Labour leadership candidates compete for Christian support

By staff writers
6 Jul 2010

All five candidates for the Labour leadership have placed a strong emphasis on “values” while pitching for Christian support. Speaking at a hustings run by the Christian Socialist Movement (CSM), they clashed over poverty, prisons, migration and nuclear weapons.

The candidates – Diane Abbott, Ed Balls, Andy Burnham, David Miliband and Ed Miliband – all sought to present themselves as motivated by firm convictions. The event was held in Methodist Central Hall in Westminster yesterday evening (5 July).

David Miliband explained, “I'm not a religious person but actually I'm a person of faith. I have faith in people”. He said the Labour Party can learn from Jesus' Sermon on the Mount and stressed the importance of the “notion of right relationship”.

His brother Ed Miliband likewise said he had learnt “not a religious faith but a simple faith” that “if you saw an injustice then you had to do something about it”. Criticising the language of the Blair-Brown era, he said, “We need to reclaim those words – love, compassion, caring”.

Andy Burnham, a Roman Catholic, emphasised the Christian origins of his politics, insisting several times that “the basic tenets of the Labour Party and socialism are one and the same with those of Christianity”. He said that Labour had recently “lost its way” in relations with the churches, but that both sides shared the blame for this and needed to rebuild their relationship.

Ed Balls spoke of his positive early memories of his parents' Anglican church and said his father's commitment to Labour had grown out of Christianity. He added that Labour needs to “talk more about values”.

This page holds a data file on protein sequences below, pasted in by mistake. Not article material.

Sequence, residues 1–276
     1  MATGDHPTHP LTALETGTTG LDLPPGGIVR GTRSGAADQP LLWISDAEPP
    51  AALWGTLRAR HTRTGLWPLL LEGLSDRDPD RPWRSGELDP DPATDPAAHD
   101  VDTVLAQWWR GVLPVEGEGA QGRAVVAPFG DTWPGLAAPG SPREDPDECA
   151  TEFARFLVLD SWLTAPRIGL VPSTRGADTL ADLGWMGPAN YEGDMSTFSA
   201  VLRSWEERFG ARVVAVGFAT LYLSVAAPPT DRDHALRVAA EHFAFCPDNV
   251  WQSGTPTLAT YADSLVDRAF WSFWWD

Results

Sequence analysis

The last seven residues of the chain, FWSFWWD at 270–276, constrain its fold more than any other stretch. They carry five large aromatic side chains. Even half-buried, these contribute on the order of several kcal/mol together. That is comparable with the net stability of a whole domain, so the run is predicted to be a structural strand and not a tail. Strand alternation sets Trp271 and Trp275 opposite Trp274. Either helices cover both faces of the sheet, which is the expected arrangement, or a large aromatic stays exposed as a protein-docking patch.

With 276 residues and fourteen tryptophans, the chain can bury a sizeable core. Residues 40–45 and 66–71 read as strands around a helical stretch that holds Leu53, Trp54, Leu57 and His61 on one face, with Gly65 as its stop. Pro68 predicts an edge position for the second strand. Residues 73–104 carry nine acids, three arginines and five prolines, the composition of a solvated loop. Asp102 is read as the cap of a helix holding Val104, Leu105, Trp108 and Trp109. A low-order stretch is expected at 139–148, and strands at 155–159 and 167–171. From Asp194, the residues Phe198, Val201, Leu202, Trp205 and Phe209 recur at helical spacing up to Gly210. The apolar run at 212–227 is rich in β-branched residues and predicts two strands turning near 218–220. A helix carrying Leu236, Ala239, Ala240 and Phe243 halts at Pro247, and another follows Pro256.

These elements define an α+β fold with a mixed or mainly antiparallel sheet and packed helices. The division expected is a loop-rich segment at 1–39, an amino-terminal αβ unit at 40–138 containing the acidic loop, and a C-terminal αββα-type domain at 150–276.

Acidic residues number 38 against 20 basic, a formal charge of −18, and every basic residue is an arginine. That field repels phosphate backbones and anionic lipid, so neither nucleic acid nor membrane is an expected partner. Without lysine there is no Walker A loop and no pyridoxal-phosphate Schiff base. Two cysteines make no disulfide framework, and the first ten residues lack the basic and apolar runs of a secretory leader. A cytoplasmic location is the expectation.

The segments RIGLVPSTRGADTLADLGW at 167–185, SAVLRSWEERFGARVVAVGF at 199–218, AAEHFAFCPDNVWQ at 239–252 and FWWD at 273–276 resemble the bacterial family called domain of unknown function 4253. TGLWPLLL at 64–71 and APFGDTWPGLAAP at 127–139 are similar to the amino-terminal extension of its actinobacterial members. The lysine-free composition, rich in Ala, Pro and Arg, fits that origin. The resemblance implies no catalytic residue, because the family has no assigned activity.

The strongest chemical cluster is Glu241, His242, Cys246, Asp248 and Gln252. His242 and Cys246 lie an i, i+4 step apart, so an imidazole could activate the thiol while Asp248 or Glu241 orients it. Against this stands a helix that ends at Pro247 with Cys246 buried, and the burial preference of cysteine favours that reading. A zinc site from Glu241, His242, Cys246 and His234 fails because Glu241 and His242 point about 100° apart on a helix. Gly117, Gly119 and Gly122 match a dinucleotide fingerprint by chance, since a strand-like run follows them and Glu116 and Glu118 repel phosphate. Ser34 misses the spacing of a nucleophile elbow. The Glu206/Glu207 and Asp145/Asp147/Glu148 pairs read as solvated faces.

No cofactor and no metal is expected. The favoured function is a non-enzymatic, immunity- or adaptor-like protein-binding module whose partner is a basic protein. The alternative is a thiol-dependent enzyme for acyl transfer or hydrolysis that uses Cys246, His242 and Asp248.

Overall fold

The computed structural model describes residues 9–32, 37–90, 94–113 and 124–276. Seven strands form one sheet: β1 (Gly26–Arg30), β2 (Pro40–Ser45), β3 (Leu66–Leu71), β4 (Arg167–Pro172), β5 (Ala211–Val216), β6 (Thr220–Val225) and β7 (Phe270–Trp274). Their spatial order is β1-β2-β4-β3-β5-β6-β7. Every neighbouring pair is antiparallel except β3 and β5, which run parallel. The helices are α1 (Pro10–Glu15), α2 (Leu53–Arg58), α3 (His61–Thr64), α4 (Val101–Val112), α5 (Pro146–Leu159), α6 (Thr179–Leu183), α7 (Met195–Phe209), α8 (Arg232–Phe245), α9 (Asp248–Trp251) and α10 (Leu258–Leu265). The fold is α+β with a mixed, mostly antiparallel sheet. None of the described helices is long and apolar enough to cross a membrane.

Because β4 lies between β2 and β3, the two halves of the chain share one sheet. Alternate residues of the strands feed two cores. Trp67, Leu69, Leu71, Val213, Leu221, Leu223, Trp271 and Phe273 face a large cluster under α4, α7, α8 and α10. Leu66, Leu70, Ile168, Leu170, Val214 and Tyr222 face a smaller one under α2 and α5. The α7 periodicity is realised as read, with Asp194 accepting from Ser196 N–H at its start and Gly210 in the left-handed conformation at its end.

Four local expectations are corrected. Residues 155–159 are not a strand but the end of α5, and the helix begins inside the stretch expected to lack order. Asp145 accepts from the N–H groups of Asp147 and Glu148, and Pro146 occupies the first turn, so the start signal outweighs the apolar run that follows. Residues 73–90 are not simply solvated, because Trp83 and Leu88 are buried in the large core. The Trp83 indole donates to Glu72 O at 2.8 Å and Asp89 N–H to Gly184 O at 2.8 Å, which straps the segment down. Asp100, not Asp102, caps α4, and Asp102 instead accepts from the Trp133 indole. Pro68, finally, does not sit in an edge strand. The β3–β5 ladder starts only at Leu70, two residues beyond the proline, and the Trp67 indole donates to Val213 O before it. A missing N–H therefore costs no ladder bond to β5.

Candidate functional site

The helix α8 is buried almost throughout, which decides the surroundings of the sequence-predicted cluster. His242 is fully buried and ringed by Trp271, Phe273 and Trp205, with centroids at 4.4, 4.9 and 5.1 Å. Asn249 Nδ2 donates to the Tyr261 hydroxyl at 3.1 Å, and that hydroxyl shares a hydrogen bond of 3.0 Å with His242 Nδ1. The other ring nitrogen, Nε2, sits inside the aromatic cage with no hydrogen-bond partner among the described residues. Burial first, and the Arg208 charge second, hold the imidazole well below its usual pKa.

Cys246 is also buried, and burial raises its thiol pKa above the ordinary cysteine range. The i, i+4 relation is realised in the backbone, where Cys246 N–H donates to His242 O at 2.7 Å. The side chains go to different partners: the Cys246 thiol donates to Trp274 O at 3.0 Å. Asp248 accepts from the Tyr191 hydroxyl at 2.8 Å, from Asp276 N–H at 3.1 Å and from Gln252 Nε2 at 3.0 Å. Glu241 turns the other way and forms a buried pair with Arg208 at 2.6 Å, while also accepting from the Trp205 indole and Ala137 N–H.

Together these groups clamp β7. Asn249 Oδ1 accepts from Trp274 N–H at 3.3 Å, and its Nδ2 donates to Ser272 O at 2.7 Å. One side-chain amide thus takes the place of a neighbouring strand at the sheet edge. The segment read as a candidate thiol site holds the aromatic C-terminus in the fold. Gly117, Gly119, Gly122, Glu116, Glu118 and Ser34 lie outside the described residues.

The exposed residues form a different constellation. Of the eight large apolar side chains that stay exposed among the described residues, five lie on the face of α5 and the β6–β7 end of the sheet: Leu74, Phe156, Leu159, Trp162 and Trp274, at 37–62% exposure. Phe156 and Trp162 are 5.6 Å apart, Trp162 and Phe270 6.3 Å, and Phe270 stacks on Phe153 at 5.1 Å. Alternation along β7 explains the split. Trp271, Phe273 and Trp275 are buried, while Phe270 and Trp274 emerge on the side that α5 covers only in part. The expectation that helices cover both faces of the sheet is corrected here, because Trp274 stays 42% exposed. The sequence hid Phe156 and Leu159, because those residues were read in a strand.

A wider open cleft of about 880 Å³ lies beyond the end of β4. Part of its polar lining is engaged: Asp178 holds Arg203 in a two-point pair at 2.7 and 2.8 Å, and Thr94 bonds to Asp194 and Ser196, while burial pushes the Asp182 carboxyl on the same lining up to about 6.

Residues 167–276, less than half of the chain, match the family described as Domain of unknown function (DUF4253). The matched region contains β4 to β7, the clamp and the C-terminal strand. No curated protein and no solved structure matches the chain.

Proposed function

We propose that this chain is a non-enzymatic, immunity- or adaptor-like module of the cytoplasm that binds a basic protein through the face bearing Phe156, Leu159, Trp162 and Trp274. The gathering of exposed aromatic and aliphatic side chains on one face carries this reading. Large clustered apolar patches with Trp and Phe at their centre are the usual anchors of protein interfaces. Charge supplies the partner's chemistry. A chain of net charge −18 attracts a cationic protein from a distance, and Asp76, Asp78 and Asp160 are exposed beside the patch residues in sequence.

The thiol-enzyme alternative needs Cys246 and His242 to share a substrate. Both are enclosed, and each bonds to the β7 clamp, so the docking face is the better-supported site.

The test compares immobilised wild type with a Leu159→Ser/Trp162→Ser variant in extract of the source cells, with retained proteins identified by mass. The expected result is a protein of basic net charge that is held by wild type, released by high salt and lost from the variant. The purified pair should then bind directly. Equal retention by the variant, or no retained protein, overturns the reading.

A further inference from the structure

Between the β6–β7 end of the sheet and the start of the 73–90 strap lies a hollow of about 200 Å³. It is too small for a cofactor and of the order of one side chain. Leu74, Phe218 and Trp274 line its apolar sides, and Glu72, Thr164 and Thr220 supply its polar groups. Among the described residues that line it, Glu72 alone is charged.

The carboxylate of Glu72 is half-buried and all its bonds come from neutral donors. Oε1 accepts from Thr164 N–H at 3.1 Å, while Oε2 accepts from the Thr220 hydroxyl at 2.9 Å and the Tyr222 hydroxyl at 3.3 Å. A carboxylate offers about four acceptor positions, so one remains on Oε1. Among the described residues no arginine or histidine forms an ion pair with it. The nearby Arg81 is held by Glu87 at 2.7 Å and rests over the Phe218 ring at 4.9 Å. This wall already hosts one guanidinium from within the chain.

Diane Abbott emphasised the values with which she had been brought up, saying “We could do worse, as we go forward as a Labour movement, than return to those values of faith, community and family”.

Abbott built on her reputation as a critic of Blair and Brown, arguing that Labour's “big mistakes” in government “were when we departed from our values”. She accused the former government of making policy in a way designed to “appease Daily Mail readers”.

She was not the only one keen to disassociate herself from the thirteen years of New Labour government. Ed Miliband, who served as Energy and Climate Change Secretary under Gordon Brown, consistently presented himself as much more left-wing than the other three former ministers, twice addressing the audience as “comrades”.

Insisting that “politics is about changing society, not managing it”, he attacked the large gap between rich and poor in Britain, backed the Living Wage campaign and lamented the fact that the former government, to which he belonged, had opposed the Agency Workers' Directive - designed to improve agency workers' conditions – in the name of light business regulation. He said, “one person's flexible labour might be another person's lower wages”.